The perfect wife does not have red hair and has just the right amount of head and body hair, which, moreover, must be fine. These are characteristics which one is born with and cannot change (well, a redhead could dye her hair) and are indexed to karma (actions in previous lives and times). Depilation (by shaving, plucking, tweezing, threading, and any other method) does not entirely solve the problem since one still needs the right amount of hair (the precise amount is not defined) and, moreover, it must be fine. Even if one can meet these desiderata, grooming would be constant and may even be somewhat deceitful.
In the Mahābhārata, keeping hair un-coiffed is not an auspicious sign. In all these cases, dharma has become mussy and disrupted, if not completely tangled.
Women do not have an easy time in Hinduism with their hair. If they let it out, then it is not auspicious or it is a flag that they are menstruating (and thus regarded by the system as temporarily impure). And for some unfortunate women, whose hair is red or who possess lots of coarse body hair, they are forever unwanted.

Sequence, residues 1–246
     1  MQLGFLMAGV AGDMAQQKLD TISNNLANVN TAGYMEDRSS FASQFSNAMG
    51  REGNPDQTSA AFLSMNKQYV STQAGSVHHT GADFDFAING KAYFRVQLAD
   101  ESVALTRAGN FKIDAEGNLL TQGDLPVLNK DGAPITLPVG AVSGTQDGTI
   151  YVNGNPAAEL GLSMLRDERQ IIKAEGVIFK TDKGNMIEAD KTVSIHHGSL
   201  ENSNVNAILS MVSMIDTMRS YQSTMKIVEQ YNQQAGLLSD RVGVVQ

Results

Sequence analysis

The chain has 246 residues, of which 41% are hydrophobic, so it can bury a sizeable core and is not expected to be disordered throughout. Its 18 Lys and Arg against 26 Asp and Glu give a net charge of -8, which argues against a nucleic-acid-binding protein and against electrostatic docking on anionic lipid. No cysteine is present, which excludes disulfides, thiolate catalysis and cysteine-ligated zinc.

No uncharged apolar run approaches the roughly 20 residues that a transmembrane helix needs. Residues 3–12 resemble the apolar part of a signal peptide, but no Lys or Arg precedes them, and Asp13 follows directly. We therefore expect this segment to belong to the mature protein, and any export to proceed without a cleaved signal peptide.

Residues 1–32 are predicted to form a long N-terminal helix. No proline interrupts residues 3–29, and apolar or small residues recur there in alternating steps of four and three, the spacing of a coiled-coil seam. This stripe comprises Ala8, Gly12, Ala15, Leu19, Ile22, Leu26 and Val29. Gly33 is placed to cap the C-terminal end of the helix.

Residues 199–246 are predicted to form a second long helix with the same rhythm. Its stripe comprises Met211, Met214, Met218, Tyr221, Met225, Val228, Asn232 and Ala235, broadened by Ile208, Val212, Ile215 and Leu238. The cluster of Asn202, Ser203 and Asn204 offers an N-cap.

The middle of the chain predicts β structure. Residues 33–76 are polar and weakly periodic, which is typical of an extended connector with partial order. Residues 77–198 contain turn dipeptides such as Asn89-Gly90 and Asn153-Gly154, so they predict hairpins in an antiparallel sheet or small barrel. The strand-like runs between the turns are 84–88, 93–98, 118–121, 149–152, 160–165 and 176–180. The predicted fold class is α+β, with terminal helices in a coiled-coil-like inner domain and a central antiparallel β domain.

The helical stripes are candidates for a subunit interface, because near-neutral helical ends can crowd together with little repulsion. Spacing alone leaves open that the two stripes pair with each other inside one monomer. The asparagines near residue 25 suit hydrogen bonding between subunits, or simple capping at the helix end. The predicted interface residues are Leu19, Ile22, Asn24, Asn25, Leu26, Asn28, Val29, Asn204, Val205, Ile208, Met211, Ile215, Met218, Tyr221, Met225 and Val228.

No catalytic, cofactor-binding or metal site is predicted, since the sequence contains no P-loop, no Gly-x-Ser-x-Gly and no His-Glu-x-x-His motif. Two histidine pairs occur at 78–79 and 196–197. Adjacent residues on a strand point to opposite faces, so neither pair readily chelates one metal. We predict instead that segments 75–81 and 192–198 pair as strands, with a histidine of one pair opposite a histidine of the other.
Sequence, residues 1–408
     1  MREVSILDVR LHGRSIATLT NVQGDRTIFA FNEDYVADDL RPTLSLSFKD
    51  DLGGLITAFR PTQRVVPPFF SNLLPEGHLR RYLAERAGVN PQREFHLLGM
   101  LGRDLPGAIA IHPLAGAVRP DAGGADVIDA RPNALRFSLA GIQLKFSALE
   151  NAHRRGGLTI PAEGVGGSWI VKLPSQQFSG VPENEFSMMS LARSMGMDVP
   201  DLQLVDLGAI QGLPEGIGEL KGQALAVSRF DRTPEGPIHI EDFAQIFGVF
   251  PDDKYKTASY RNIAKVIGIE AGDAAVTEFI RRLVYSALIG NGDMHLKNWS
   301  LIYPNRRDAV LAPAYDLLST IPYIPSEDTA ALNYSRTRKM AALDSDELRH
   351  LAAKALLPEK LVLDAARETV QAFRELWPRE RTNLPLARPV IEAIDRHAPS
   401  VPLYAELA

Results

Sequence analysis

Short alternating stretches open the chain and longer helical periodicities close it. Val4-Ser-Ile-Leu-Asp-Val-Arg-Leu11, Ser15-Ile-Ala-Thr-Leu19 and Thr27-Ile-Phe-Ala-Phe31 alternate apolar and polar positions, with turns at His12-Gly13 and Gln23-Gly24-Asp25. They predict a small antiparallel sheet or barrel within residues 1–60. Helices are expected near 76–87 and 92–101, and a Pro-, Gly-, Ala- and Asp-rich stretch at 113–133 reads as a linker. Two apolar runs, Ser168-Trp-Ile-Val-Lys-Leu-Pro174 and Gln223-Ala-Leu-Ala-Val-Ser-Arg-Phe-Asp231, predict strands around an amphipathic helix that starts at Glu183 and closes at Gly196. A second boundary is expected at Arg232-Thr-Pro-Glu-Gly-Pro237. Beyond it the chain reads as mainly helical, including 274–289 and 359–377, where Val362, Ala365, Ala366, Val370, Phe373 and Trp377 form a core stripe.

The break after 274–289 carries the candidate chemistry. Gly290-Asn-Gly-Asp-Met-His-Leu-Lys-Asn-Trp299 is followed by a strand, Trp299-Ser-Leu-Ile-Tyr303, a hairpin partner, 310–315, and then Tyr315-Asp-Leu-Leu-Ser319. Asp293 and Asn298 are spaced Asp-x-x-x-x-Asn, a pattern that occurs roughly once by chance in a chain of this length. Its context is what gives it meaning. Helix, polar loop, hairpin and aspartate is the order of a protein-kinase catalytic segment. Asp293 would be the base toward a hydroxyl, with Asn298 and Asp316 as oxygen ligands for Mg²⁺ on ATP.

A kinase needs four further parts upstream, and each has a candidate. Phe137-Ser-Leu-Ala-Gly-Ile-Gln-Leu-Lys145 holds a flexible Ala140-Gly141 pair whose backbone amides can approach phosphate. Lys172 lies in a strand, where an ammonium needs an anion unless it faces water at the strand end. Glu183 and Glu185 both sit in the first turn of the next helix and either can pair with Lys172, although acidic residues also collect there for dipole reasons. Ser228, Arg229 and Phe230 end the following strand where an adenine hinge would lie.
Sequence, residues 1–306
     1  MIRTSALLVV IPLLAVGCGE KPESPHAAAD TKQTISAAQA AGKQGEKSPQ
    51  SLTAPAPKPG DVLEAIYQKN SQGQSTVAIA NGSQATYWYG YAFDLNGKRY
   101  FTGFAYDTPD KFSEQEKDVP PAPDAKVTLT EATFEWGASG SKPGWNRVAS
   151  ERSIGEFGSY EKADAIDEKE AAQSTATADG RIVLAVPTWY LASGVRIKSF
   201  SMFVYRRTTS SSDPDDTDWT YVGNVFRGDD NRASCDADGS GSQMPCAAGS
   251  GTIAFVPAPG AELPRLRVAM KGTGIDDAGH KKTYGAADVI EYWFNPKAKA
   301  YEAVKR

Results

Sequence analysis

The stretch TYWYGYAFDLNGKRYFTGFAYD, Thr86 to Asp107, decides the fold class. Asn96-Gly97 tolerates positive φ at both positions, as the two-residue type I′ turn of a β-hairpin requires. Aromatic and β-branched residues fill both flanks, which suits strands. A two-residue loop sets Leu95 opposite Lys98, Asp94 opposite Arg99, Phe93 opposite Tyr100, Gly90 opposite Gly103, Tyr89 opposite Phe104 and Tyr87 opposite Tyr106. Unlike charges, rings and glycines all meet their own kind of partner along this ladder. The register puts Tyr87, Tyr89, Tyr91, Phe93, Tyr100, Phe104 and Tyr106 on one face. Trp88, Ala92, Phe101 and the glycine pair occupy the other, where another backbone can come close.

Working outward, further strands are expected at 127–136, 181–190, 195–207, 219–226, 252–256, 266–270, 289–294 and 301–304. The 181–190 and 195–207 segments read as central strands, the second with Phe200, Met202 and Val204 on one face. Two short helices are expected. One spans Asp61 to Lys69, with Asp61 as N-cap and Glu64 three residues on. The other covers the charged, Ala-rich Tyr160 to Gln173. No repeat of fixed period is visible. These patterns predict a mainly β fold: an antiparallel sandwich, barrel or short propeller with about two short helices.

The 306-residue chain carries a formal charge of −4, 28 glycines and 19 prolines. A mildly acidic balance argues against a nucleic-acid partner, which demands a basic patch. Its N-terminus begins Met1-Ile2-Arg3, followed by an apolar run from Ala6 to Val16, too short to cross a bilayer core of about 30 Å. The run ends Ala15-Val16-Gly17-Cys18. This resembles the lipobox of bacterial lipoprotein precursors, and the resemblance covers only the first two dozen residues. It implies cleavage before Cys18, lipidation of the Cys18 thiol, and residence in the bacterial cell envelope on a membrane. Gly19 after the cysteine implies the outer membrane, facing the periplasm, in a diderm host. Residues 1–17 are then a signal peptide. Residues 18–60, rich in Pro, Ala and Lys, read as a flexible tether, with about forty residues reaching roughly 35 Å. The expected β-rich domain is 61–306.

4. The Control of Hair and Controlling the Hair
In this context, the controlling of hair, or the decision to leave it uncontrolled, is symbolic of an undesirable disorder. At the same time, uncontrolled and matted/dreaded hair can be symbolic in the Hindu universe of a male’s detachment from the prevailing and binding social order, oftentimes occurring during vānaprasthā (forest hermit), the third stage of life. Unbinding hair shows evidence of control over the body and senses and, concurrently, a severing of attachment to the body. According to Mānavadharmaṡāstra, when a man becomes a vānaprastha: